New research could reduce primate electrocutions and help conservation strategies5 September 2018New research has mapped and analysed the incidence of primate electrocutions in Diani, Kenya to identify hotspot areas that should be prioritised to reduce the risk of electric shock. The study could also inform conservation strategies in other parts of the world where primate electrocutions are common. Electrocution threatens a wide range of primate species across the world and the hazard could become more widespread as species are increasingly restricted to human-dominated landscapes.
Evolutionary origins of animal biodiversity4 September 2018A new study by an international team of researchers, led by scientists from the University of Bristol, has revealed the origins and evolution of animal body plans.
Russian connections of reptile from the Jurassic Coast30 August 2018The Triassic red rocks of the Devon coast around Sidmouth, some 240 million years old and pre-dating the earliest dinosaurs preserve fossil fishes, amphibians and reptiles, and a new specimen, uncovered with help from palaeontologists at the University of Bristol, shows distinct connections with Russia.
Climate change increasing the prevalence of harmful parasite, warn scientists29 August 2018A rise in a parasite called liver fluke, which can significantly impact livestock production in farms in the UK and across the world, could now be helped by a new predictive model of the disease aimed at farmers. The tool, developed by University of Bristol scientists, aims to help reduce prevalence of the disease.
Where would we 'bee' without pollinators?29 August 2018Without pollinators there would be no strawberries, apples and chocolate. At this weekend's Bee Festival at the University of Bristol Botanic Garden people will be able to find out how they can help bees and other vital pollinators or learn about growing fruit and vegetables. The Festival will also celebrate the 90th anniversary of the Avon Beekeepers Association Annual Honey Show.
Eavesdropping birds learn meaning of foreign alarm calls just by listening3 August 2018Birds often eavesdrop on the alarm calls of other species, making it possible for them to take advantage of many eyes looking out for danger. Now, researchers have found that fairy-wrens can learn those unfamiliar calls—which they liken to a foreign language—even without ever seeing the bird that made the call or the predator that provoked it.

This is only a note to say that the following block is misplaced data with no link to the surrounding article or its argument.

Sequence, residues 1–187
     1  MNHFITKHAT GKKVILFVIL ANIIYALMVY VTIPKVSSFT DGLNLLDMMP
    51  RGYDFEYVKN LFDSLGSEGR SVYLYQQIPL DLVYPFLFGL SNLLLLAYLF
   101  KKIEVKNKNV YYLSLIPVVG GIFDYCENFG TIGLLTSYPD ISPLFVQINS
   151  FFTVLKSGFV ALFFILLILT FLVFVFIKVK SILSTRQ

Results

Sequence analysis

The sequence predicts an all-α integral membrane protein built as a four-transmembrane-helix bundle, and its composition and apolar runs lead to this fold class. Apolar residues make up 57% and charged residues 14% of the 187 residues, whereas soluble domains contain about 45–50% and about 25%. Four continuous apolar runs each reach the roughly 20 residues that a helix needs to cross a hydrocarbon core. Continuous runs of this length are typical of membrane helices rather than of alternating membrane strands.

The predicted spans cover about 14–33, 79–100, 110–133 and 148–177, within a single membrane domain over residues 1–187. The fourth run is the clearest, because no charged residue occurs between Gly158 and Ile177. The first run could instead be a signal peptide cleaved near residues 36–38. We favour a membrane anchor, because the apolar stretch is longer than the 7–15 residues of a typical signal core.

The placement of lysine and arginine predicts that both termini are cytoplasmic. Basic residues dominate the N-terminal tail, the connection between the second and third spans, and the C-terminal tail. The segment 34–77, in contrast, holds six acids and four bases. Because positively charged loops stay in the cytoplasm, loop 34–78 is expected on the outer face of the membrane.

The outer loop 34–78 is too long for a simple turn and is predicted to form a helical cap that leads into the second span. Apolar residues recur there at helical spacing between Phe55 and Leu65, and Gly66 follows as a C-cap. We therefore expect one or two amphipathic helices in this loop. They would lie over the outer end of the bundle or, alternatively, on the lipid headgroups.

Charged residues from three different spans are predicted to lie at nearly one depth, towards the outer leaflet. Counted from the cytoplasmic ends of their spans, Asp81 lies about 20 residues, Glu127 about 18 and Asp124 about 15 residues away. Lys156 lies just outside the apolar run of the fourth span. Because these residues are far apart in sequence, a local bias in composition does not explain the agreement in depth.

Plants can tell the time using sugars3 August 2018A new study by an international team of scientists, including the University of Bristol, has discovered that plants adjust their daily circadian rhythm to the cycle of day and night by measuring the amount of sugars in their cells.
Animals Behaving Badly - BBC Documentary30 July 2018On Wednesday 25th April two researchers from the University of Bristol appeared in a new BBC Natural History documentary titled "Animals Behaving Badly" which aired on PBS in America.
Classic fossil site re-explored in undergraduate project30 July 2018Aust Cliff near Bristol has been known as a rich fossil site since the 1820s. Since then, thousands of people have visited this spectacular location on the banks of the Severn, and collected fossils of ancient sharks and sea dragons.
New insights into plants’ conquest of land23 July 2018The Earth is filled with diverse and remarkable plant forms from the tallest redwoods that pierce forest canopies, to the smallest mosses that blanket the ground underfoot.
Seeing isn’t always believing: The Impossible Garden13 July 2018The Impossible Garden is a unique set of new experimental sculptures, by artist Luke Jerram, inspired by visual phenomena. The exhibition aims to enhance our understanding of vision and opens to the public tomorrow [Friday 13 July] at the University of Bristol Botanic Garden.
Spiders go ballooning on electric fields6 July 2018The aerodynamic capabilities of spiders have intrigued scientists for hundreds of years. Charles Darwin himself mused over how hundreds of the creatures managed to alight on the Beagle on a calm day out at sea and later take-off from the ship with great speeds on windless day.
Botanic Garden volunteers recognised with Queen’s Award4 June 2018The skill, dedication and enthusiasm of those who help to run and promote the work of the University of Bristol Botanic Garden has been officially recognised with a Queen’s Award for Voluntary Services – the MBE for volunteer groups.
Scientists discover world’s oldest lizard fossil31 May 2018An international team of paleontologists, which includes the University of Bristol, have identified the world’s oldest lizard, providing key insight into the evolution of modern lizards and snakes.
Mongooses remember and reward helpful friends31 May 2018Dwarf mongooses remember previous cooperative acts by their groupmates and reward them later, according to new work by University of Bristol researchers, published today in the journal Proceedings of the National Academy of Sciences USA.
Dino-bird dandruff research head and shoulders above rest31 May 2018Palaeontologists from University College Cork (UCC) in Ireland have discovered 125 million-year-old dandruff preserved amongst the plumage of feathered dinosaurs and early birds, revealing the first evidence of how dinosaurs shed their skin.